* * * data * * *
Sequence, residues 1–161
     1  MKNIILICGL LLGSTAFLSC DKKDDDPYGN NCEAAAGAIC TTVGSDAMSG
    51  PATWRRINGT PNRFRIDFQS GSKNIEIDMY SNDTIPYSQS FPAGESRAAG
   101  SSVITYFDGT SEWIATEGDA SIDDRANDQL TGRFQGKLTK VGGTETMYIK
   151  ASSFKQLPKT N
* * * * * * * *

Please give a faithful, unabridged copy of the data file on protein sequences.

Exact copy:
Sequence, residues 1–161
     1  MKNIILICGL LLGSTAFLSC DKKDDDPYGN NCEAAAGAIC TTVGSDAMSG
    51  PATWRRINGT PNRFRIDFQS GSKNIEIDMY SNDTIPYSQS FPAGESRAAG
   101  SSVITYFDGT SEWIATEGDA SIDDRANDQL TGRFQGKLTK VGGTETMYIK
   151  ASSFKQLPKT N